The Wreckers is arguably the greatest of Smyth’s operas, and certainly her most ambitious. It was her only three-act stage work and required significantly larger musical resources than any of the others. Composed in 1902–4, the opera was inspired by Smyth’s walking holiday of Cornwall and the Scilly Isles some years previously, during which she explored smugglers’ caves such as Piper’s Hole on the island of Tresco.
This brought her into contact with apocryphal tales of the locals luring ships onto rocks in order to pillage their loot, to which she added a subplot of two lovers attempting to thwart this nefarious practice by lighting warning beacons. The monumental opera that resulted was later described by the composer herself as “The work by which I stand or fall”. One of its highlights, often performed in its own right as a concert piece, is the evocative prelude to Act II, “On the Cliffs of Cornwall”.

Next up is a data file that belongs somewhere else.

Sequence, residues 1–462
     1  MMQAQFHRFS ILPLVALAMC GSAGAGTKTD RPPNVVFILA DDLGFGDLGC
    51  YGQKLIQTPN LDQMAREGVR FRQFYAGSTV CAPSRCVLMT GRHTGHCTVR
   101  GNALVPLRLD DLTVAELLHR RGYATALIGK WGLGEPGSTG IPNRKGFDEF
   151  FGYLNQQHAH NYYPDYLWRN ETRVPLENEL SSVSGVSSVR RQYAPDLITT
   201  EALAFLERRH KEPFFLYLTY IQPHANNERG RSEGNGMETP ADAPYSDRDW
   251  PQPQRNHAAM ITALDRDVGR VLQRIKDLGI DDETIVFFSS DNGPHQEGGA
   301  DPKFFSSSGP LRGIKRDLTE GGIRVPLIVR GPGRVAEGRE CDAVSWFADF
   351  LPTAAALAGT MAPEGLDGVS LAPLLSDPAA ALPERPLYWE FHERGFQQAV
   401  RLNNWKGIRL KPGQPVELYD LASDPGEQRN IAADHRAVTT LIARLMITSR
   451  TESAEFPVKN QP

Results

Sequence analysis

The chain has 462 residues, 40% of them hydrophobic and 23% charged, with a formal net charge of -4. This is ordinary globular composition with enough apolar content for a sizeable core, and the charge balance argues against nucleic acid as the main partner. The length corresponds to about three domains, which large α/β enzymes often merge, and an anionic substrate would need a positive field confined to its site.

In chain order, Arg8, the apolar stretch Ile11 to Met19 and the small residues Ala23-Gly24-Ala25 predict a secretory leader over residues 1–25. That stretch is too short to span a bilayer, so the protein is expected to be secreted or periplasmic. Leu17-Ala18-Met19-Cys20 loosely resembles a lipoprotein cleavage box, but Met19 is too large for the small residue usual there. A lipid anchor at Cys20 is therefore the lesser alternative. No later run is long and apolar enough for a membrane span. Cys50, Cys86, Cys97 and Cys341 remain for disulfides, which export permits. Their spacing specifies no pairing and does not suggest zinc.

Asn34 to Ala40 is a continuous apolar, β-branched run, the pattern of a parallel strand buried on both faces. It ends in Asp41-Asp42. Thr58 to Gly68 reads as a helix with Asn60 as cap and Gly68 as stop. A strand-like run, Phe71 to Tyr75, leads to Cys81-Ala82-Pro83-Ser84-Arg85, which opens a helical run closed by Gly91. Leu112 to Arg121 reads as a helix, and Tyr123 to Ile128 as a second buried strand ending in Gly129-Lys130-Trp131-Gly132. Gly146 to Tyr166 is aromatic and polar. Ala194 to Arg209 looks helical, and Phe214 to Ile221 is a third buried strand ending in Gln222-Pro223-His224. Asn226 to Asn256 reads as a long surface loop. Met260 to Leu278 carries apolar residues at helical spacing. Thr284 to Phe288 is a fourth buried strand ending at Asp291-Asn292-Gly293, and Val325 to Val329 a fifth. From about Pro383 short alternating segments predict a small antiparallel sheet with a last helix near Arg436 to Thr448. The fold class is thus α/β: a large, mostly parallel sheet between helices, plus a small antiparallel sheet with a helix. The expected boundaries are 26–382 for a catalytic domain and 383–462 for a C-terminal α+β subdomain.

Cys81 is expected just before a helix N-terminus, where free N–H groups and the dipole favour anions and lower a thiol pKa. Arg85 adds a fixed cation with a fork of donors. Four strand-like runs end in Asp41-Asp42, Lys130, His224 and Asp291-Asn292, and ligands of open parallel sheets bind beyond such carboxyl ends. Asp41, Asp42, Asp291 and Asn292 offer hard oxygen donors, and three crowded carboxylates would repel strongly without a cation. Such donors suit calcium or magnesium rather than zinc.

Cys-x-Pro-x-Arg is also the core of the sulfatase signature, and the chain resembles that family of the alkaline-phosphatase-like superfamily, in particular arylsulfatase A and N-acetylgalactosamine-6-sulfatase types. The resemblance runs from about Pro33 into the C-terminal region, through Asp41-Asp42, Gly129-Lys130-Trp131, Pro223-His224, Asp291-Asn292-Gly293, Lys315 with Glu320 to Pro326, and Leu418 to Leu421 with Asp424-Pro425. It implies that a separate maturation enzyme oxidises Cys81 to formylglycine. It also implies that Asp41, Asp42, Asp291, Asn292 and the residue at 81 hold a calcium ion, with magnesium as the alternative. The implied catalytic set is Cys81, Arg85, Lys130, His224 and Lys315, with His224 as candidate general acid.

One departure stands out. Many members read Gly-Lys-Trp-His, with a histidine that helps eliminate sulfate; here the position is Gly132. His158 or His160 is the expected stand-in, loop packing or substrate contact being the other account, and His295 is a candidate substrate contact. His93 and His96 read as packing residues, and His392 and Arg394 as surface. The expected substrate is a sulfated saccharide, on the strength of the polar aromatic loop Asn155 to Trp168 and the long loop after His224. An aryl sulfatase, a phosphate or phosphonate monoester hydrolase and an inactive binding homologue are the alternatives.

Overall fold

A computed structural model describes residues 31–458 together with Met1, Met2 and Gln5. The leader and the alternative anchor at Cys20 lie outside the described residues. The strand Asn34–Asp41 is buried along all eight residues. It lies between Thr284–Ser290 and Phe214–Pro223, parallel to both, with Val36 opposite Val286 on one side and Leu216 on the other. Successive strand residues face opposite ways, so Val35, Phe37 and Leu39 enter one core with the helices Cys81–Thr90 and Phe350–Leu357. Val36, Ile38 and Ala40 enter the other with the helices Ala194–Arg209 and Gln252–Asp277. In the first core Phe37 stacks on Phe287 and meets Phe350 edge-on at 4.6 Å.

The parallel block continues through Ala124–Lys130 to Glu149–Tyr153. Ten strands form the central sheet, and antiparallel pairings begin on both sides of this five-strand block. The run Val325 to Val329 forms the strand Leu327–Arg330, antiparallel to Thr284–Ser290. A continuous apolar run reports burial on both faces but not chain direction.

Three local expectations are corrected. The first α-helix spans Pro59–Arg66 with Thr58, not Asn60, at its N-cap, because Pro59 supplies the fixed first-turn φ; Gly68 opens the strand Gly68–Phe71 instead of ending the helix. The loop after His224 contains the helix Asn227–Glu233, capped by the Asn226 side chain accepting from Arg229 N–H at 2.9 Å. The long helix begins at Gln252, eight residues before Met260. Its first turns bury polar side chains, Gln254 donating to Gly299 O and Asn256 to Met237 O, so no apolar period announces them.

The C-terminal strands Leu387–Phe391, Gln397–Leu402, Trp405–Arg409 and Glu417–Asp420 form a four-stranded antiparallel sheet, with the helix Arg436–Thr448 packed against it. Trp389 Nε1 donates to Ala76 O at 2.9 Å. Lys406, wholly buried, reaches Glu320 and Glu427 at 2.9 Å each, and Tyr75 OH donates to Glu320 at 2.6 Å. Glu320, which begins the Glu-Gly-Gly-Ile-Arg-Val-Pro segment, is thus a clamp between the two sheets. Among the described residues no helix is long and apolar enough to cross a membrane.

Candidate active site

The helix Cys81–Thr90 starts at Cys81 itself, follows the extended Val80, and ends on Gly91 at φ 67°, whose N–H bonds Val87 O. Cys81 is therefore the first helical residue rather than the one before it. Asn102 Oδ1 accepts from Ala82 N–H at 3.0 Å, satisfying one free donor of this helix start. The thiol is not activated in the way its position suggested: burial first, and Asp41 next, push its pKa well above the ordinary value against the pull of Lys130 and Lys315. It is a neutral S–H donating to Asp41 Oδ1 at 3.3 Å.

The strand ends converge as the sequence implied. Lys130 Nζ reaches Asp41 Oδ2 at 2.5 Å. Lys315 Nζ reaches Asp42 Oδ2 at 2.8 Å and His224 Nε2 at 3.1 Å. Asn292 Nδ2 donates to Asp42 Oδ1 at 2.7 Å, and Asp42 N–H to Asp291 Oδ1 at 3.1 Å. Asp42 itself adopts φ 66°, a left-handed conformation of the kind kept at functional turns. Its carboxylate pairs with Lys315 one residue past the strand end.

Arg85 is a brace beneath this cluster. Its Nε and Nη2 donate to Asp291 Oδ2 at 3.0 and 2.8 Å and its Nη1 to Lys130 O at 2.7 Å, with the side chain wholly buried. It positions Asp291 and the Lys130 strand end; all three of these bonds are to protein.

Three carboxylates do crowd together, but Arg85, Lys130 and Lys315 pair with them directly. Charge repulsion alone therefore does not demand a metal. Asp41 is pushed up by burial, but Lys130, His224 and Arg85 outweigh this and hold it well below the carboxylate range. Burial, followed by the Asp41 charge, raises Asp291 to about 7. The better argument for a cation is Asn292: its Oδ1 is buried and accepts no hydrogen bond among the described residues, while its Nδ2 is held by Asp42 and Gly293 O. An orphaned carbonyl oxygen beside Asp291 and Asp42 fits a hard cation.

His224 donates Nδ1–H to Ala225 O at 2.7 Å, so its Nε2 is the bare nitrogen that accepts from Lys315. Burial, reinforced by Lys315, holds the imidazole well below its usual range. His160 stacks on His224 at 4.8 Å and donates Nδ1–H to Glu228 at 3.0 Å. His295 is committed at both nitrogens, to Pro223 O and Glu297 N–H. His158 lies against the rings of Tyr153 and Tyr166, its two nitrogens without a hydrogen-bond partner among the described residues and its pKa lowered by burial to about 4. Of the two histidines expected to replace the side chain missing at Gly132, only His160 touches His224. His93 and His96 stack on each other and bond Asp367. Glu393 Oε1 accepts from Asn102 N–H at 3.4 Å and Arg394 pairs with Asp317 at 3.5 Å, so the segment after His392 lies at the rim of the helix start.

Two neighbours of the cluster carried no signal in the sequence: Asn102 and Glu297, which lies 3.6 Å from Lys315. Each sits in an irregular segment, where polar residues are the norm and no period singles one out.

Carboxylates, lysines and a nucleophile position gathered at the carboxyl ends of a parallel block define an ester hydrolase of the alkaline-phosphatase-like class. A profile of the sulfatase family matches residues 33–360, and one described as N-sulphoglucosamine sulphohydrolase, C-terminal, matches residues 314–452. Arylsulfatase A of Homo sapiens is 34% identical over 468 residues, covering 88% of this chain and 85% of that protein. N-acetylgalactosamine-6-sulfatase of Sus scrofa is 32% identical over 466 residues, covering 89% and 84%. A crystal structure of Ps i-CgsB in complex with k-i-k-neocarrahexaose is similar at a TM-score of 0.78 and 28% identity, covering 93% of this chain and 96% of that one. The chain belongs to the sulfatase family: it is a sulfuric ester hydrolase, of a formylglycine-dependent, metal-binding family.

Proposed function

Written with a French libretto by Smyth’s collaborator Henry Brewster as Les Naufrageurs, the opera was translated into both German (as Strandrecht) and English when attempts to secure a production in the original language proved fruitless. It was premiered at the Neues Theater, Leipzig in November 1906, prompting many curtain calls. Yet the composer, disgruntled at the extensive cuts made to the final act without her consent, withdrew her music from the orchestra pit following the opening night and, in a move she believed to be “unique in the annals of Operatic History”, took it to Prague to be played there instead (it turned out to be a woefully inadequate production). She was to wait three more years for the first stage performance in her home country, at His Majesty’s Theatre, London in June 1909; the six-night production was conducted by Thomas Beecham, who was to become one of Smyth’s strongest allies in the music profession, and it was attended by King Edward VII himself.